For instance, the preamble says that post-accident drug testing is permissible, so long as the nature of the accident is such that it would have been more likely to occur if the employee had been under the influence. As an example, you wouldn’t be able to test an employee who is hit by a falling ceiling tile, but you could test an employee who doesn’t go through proper lock-out/tag-out procedures before reaching into a machine to dislodge a jam. The preamble’s requirements prevent employers from automatically testing after every workplace accident, which had previously been a common practice among employers.
The only “new” thing the memo says is that the following kind of post-accident drug testing is permissible:
Drug testing to evaluate the root cause of a workplace incident that harmed or could have harmed employees. If the employer chooses to use drug testing to investigate the incident, the employer should test all employees whose conduct could have contributed to the incident, not just employees who reported injuries.
In other words, automatically testing after any incident is still not okay.
On the big-deal side of the equation, the memo seems to be a clear statement by the current OSHA administration that they will cast a kinder eye on both safety incentive and post-accident drug testing programs than the previous administration. In other words, the regulations are still in place, but OSHA will try harder to find ways to justify employer programs, meaning employers are less likely to be found non-compliant.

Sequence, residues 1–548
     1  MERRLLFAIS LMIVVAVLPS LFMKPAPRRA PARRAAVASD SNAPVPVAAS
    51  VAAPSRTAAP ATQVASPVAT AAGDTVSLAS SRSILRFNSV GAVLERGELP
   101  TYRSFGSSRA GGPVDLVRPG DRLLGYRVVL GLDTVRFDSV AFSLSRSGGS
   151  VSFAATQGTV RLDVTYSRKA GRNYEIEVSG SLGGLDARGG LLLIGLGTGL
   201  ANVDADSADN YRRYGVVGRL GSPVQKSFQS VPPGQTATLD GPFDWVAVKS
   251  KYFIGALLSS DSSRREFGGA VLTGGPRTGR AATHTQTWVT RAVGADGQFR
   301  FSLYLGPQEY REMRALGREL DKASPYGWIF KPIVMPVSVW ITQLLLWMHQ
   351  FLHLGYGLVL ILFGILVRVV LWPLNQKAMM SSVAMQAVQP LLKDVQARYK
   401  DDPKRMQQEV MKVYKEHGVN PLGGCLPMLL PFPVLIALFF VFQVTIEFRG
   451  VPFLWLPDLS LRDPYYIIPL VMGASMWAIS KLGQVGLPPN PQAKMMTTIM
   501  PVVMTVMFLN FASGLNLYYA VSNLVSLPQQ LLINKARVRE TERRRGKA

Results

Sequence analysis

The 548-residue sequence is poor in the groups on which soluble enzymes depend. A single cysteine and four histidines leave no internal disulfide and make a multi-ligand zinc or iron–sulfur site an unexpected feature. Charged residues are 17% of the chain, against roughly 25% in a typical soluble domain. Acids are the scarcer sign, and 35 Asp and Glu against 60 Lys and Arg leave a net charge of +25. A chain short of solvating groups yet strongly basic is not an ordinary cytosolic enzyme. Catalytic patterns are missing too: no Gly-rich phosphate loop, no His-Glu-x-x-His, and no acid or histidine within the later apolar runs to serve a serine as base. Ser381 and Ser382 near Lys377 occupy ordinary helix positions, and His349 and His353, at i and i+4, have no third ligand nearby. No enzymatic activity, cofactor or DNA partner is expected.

If you’re going to conduct post-accident drug testing, you should still have some reason to believe that drug or alcohol use could have increased the likelihood of the incident occurring. And, although I didn’t discuss it much in this article, if you’re going to offer safety incentives for clean safety records, consider accompanying them with other incentive programs that more clearly reward actual safe practices or behaviors.